In an era when we have ridiculous reality TV shows wallowing in—and profiting from—unfortunate Americans’ problems, I’m not remotely suggesting that this documentary should have plumbed deeper into whatever uncomfortable depths did or do exist. In fact, there’s absolutely no question that Hicks loved his parents and got along with them remarkably well: the fact that he chose to be with them in the months before his death says all that needs to be said.
Still, in the context of the hours (!) of conversation, whatever issues preceded and exploded during his extended period of excess are mostly tip-toed around. (That Denis Leary shoehorned entire chunks of Hicks’ act into an HBO special called No Cure For Cancer, which promptly made him wealthy, while Hicks died…of cancer, is equal parts ironic and intolerable. Leary is mentioned exactly zero times in the course of these five-plus hours, which is odd. For now, any further details or insights must remain between Leary’s soul, the devil and the deep blue sea.)
That said, it’s often amusing, and frequently wonderful, to see and hear how much love Hicks attracted. His family adores and respects what he accomplished and the man he became; his friends remain in awe of him, and one gets the sense that he was a special person in many senses of the word. James Ladmirault aka “Jimmy Pineapple” (who gets name-checked in Hicks’ Sane Man DVD) admits that he may not have achieved sobriety without Hicks’ assistance and encouragement.
Childhood friend, and working comedian, Dwight Slade, with whom Hicks was inseparable through high school, has several hilarious and heartwarming stories. One in particular: on their football team the two boys wore numbers 9 and 20; this became their secret code during phone discussions. When Slade learned Bill died at 11:20 (in Texas), he realized he had been onstage, the night before, at 9:20, Canadian time.
Of course, the impressive trajectory of Hicks’ career is abundantly and competently covered. From appearing at local nightclubs while still a minor to forgoing college and driving directly to Los Angeles, it’s abundantly—and sometimes painfully—obvious how difficult it was even for a comedian with his ability to break through. In fact, he spent most of the next decade not breaking through.
Early support from Jay Leno landed him on Letterman’s show, where he would return many times (infamously just before his death, where his act was censored, something Hicks never got over and Letterman claims to have always regretted). His dangerous dance with the drugs and booze can and should serve as a cautionary tale; his dedication to sobriety and the subsequent productivity he enjoyed are genuinely inspirational.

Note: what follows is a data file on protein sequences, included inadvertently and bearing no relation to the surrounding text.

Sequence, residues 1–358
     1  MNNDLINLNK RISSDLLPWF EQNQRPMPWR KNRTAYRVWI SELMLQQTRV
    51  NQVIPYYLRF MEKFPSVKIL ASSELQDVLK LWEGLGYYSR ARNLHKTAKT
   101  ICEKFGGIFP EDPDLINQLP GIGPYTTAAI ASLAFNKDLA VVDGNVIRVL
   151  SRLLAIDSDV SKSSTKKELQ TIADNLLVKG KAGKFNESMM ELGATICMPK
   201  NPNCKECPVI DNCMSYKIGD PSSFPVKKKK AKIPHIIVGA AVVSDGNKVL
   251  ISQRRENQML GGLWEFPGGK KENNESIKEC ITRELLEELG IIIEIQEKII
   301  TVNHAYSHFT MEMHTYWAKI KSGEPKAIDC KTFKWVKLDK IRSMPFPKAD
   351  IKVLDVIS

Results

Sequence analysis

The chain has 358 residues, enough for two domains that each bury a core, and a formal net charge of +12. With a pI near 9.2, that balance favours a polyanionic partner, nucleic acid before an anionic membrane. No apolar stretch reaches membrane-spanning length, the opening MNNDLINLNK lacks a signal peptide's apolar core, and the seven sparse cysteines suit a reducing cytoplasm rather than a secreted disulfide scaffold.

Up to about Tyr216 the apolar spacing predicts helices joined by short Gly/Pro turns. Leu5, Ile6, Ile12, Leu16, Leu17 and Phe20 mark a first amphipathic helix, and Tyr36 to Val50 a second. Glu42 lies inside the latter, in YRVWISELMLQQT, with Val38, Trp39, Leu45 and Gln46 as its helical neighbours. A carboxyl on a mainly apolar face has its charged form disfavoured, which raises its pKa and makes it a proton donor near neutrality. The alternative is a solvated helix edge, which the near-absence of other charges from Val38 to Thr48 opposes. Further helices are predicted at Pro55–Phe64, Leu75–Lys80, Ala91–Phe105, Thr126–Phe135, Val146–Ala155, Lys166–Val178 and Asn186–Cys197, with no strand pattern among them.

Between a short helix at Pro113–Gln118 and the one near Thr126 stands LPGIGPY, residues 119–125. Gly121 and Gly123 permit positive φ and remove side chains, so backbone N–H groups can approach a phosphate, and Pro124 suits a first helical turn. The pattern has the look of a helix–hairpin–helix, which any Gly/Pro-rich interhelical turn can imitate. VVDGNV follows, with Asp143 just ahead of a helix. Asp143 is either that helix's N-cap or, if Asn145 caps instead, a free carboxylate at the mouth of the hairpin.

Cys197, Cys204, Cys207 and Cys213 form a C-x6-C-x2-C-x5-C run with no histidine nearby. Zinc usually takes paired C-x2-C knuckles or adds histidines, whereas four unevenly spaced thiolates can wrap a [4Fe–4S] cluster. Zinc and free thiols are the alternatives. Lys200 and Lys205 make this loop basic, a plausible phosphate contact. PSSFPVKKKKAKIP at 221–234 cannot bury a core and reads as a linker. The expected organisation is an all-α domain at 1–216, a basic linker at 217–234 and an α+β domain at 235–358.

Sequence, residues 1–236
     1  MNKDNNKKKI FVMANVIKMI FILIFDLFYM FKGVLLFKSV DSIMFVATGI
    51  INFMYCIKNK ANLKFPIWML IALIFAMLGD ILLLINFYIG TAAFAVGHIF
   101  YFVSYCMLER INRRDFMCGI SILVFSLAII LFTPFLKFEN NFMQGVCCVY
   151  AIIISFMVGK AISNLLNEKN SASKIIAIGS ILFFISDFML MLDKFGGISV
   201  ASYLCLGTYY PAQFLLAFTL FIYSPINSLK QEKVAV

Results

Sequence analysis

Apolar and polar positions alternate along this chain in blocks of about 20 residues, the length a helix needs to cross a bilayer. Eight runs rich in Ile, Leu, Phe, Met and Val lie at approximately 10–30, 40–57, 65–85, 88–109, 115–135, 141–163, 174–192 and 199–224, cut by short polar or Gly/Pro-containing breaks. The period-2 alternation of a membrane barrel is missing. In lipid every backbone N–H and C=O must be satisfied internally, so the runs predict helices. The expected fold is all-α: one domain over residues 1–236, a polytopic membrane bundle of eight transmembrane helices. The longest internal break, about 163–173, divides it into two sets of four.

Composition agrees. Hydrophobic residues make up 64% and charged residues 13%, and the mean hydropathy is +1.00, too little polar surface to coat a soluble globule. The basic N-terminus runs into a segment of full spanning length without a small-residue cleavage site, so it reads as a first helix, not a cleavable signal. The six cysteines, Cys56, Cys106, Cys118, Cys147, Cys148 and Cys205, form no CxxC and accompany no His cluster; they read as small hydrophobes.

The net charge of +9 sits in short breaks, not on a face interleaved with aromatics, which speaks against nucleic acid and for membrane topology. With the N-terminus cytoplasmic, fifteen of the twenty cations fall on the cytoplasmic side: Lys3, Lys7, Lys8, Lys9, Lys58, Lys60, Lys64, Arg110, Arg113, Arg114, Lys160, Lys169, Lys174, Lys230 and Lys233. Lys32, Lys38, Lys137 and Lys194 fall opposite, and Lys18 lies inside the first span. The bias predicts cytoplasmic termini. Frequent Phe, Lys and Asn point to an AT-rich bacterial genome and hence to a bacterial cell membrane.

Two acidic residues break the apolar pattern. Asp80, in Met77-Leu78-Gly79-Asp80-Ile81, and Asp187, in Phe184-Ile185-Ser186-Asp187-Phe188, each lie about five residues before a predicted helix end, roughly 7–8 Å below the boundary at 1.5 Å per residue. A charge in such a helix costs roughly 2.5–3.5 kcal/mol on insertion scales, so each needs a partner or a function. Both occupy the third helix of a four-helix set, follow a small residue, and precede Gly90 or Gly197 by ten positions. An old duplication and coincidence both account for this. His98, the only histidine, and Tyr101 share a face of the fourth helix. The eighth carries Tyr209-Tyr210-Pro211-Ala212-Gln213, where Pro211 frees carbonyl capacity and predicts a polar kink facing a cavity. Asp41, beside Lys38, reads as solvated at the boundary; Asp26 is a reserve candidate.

The last years of his life remain difficult to reconcile. Finally finding rock star-level fame in the UK (as well as Canada), his confidence was uncontainable. He was also playing his guitar, and the documentary spends time illustrating how important making music remained for him, even when he got sick. After his diagnosis, Hicks shared the news with as few people as possible and kept working as much as he was able. As much as he always hated traveling, he continued to do it because he had to. He also maintained, understandably, that when he was on stage everything else went away.
The recordings made during these last shows represent some of his best work (see Arizona and Rant in E Minor). It’s still excruciating to experience the cognitive dissonance of this footage: pale and entirely too thin, Hicks is still full of passion and it’s as though he can barely keep up with his mind. Clearly he was in a zone, eager to express these thoughts, share that energy, and do his best to get it all out. A few months later he was dead, at 32.
It’s easy to recommend American because anyone who makes the Hicks connection is going to want everything they can get their hands on. This documentary does not tell the whole story, however, but it doesn’t need to. It provides a valuable service by collecting the recollections and impressions of the people who knew Hicks best.
In terms of the critical insight (and/or input) missing here, that seems a minor quibble: if one thing is certain it’s that Hicks is only getting more popular with each passing year, so there will be many more features in our future. This is a good thing, since it’s unlikely we will ever stop evaluating, mourning and celebrating the man and his work.